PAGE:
Are Jeremy Hunt's new medics just 'doctors on the cheap'?

Aug 22, 2014

Government to increase the number of physician Associates, who only need two years of training

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The government is planning a "significant" expansion of a new class of medic known as physician associates, but critics have attacked the idea as "doctors on the cheap". Health Secretary Jeremy Hunt says the role – somewhere between a doctor and a nurse – is needed to free up busy doctors.

How does a physician associate qualify?

Training is currently offered at three universities, with three more planning to offer courses in the next academic year. Applicants usually need a science degree or a qualification in healthcare such as nursing or physiotherapy. Upon successful completion of the two-year course, each student is awarded a postgraduate diploma, usually followed by a one-year internship. It is a much shorter route into medicine than for doctors, who normally take five years to complete a medical degree, followed by a two-year foundation programme. Training to become a GP takes a further three years, while training in other specialty areas can take up to eight years. Unlike doctors, physician associates do not have to be registered with any regulator, but some employers require employees to enrol on a voluntary register.

How many physician associates will there be?

There are currently around 300 physician associates working for the NHS, says The Guardian. The Department of Health says it is hoping to "significantly increase" the number, and training places are due to double from 105 to 225. But the department says the number recruited would be down to individual hospitals.

What can physician associates do?

Under the supervision of a doctor, physician associates can work in local surgeries and hospital emergency departments, examining patients, diagnosing illnesses, analysing test results and taking medical histories. They cannot prescribe drugs but can prepare prescriptions for doctors to sign off.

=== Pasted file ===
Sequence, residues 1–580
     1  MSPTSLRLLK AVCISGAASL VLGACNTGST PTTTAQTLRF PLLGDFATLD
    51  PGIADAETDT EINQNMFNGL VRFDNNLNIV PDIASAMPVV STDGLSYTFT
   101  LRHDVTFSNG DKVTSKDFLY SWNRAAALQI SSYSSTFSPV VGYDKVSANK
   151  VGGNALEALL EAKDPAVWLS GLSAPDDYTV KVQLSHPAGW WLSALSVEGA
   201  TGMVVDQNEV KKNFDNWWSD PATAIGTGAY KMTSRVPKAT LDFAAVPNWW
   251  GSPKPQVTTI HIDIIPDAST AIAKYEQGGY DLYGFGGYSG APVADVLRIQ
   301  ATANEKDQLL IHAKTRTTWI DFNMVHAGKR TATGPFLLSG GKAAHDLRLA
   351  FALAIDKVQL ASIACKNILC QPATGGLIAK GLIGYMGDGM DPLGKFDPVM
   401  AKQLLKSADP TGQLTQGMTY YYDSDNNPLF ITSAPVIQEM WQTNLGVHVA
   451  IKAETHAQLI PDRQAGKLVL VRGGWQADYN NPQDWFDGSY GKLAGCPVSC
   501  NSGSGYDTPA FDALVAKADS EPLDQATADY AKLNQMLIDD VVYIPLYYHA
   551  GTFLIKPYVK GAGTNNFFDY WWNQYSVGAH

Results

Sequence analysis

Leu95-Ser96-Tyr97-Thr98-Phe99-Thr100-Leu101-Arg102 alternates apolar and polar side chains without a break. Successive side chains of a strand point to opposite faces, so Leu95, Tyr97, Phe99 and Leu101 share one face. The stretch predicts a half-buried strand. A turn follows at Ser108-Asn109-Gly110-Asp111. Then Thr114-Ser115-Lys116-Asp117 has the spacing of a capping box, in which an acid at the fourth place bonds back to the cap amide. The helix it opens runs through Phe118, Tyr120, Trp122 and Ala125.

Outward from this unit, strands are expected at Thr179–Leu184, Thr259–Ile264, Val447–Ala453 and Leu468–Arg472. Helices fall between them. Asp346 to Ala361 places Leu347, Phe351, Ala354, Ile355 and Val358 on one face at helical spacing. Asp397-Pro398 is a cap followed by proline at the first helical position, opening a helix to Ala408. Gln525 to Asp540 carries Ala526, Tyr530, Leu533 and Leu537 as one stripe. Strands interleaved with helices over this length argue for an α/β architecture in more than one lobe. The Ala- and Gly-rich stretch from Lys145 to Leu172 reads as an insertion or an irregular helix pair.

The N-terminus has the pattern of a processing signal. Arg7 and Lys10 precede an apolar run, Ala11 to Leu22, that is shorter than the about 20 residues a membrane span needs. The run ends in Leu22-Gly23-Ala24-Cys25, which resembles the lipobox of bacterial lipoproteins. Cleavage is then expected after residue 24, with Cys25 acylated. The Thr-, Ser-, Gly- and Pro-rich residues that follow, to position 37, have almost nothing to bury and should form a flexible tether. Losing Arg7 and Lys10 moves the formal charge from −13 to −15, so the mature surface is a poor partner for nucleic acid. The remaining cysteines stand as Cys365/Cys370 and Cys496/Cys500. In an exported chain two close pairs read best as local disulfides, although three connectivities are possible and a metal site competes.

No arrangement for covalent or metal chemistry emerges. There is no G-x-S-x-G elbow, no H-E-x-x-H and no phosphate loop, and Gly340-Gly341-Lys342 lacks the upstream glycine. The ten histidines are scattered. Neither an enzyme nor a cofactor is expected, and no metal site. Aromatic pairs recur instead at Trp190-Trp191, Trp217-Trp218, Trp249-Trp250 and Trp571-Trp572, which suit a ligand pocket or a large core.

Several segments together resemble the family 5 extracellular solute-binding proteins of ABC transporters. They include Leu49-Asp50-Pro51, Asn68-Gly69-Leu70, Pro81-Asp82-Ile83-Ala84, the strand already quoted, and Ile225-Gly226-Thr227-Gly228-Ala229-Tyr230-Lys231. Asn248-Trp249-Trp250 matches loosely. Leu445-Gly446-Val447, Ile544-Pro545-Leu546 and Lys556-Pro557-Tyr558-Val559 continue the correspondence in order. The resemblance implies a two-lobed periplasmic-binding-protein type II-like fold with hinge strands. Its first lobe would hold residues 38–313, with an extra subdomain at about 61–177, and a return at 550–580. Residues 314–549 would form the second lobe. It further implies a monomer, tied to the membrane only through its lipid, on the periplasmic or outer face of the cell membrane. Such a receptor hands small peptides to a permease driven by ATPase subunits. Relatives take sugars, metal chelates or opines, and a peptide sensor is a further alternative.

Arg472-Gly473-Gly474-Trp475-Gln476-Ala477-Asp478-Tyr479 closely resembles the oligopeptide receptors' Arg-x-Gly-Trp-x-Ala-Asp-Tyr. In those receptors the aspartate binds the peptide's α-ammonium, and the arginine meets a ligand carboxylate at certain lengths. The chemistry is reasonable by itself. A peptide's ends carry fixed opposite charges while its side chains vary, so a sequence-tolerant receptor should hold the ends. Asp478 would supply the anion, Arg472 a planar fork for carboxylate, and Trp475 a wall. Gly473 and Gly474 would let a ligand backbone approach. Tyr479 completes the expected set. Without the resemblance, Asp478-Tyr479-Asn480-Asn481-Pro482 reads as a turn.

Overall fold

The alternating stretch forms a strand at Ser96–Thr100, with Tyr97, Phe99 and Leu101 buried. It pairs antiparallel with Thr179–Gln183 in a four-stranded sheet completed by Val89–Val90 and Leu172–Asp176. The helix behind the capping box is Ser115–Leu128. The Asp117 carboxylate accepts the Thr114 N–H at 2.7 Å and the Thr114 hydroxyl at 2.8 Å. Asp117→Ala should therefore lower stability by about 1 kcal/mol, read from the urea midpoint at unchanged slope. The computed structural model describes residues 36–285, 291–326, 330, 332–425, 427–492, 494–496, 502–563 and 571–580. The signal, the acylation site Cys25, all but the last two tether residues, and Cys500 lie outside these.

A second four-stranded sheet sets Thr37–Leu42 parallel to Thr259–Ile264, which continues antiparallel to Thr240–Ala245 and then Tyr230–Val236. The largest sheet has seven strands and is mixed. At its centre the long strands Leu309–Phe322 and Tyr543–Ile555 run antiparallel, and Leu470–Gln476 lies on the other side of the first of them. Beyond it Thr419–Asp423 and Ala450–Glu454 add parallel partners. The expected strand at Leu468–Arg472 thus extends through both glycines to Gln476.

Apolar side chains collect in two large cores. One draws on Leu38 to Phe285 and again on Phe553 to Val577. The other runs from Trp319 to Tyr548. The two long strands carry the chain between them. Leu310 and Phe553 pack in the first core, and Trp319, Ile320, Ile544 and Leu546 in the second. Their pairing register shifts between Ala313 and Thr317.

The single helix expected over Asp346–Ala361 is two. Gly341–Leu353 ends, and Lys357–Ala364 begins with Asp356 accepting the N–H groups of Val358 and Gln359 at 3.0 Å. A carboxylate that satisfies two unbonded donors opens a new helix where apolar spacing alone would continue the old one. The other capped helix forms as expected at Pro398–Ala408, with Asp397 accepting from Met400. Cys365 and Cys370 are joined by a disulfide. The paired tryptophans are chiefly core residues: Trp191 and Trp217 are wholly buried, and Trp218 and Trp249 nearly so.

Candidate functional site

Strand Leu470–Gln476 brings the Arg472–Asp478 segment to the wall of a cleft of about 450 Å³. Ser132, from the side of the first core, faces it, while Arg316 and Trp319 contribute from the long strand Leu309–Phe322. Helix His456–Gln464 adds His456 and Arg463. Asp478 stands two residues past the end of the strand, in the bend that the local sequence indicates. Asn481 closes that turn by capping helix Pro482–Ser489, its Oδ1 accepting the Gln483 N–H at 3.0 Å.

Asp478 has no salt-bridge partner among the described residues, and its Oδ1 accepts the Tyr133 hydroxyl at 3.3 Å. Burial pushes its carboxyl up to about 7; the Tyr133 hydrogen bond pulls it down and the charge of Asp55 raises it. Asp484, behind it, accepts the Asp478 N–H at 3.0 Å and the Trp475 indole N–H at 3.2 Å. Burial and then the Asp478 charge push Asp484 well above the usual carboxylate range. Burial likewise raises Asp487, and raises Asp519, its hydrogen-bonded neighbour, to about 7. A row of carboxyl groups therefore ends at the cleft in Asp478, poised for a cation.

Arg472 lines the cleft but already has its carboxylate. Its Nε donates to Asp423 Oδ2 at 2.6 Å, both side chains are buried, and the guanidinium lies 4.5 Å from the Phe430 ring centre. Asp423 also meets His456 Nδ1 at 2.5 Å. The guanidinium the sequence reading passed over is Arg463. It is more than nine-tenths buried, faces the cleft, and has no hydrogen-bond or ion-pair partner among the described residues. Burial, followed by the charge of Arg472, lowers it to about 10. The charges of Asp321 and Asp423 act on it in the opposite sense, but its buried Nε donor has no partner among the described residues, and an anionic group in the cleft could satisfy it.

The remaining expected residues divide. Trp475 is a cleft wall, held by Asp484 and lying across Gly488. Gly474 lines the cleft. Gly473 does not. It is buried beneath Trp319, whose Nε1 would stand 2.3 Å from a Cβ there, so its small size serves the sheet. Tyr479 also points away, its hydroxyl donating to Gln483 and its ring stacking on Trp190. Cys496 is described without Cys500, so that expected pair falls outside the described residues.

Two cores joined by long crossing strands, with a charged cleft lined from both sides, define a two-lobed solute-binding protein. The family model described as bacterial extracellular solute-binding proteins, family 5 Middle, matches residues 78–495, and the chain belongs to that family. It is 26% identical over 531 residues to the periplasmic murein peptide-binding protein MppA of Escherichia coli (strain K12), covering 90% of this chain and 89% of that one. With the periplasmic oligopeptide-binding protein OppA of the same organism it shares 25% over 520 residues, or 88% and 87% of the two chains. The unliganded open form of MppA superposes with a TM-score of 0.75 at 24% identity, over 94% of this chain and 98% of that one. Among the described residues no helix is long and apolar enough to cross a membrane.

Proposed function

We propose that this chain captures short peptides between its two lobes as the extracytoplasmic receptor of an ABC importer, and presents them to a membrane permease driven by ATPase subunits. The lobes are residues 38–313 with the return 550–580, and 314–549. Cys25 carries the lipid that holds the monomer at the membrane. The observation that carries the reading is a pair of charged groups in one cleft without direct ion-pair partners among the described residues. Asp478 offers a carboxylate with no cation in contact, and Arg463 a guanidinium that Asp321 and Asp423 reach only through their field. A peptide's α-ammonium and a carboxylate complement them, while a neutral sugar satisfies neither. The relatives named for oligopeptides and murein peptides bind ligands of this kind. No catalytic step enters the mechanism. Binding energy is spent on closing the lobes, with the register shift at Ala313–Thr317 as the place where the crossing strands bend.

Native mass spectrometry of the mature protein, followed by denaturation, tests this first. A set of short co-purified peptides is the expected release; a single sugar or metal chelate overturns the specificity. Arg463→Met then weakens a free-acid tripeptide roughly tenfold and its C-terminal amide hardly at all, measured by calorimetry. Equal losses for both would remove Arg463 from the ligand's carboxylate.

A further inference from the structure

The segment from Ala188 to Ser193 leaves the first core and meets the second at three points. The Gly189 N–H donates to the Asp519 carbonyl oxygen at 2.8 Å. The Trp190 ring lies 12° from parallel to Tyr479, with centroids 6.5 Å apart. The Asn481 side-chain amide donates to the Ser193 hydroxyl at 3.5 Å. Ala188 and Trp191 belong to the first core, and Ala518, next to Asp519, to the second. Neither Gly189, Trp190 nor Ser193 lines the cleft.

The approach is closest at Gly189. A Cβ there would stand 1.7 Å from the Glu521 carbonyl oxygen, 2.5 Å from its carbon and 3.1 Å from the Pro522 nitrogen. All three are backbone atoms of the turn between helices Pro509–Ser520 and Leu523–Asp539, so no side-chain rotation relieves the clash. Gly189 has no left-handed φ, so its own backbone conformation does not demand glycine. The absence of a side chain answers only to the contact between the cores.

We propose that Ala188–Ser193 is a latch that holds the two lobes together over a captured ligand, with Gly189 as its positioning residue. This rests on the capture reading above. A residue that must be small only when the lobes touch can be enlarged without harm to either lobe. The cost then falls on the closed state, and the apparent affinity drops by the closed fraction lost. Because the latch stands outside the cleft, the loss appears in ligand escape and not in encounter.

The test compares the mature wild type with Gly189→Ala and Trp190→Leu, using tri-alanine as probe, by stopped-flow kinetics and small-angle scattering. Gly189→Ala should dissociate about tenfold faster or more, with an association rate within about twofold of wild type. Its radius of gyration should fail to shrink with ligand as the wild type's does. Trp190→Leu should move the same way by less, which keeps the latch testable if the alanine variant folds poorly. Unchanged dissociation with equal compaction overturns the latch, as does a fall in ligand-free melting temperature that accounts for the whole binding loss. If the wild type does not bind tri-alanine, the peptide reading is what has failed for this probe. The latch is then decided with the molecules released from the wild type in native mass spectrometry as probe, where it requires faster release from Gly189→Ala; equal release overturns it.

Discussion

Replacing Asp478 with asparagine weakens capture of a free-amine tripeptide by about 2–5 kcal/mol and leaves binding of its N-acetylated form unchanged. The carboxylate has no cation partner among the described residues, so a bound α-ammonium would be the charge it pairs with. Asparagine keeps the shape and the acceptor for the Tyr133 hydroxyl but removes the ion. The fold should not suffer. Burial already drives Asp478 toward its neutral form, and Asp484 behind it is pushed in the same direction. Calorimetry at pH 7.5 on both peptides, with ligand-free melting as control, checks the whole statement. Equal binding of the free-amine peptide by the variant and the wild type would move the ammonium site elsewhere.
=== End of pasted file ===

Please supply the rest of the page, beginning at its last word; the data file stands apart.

What are the benefits?

Physician associates are paid around £30,000 to £40,000, less than half the salary of a doctor, reports The Independent. The government believes that increasing the number of physician associates is a cost-effective way of enabling doctors to focus on more complex care. Hunt says the NHS is treating a record number of people. "That's why we are growing the workforce further with a new class of medic so busy doctors have more time to care for patients," he says. Health Education England, the NHS training body, has pointed to the role's success in the US where around 80,000 physician associates are employed.

What concerns have been raised?

With hospital trusts expecting to record a deficit of more than £750m for the current financial year, medical experts have warned that physician associates must not become "doctors on the cheap". Roger Goss, a co-director of Patient Concern, says: "We can be certain that some people in management will introduce the system as intended but you can guarantee that others will see this as a glorious opportunity to cut costs."

Today'sTimes editorial claims that health practitioners "with little more training than a nurse and much less than a doctor, are liable to miss symptoms, misdiagnose those they see and overestimate their knowledge". The newspaper claims an increase in supply of physician associates is "fraught with peril" and could be a "false economy". Mark Porter, chairman of the British Medical Association council, tells The Times the concept could be useful, but that the government needs to be clear about its limits. "These new posts cannot replace doctors," he says.

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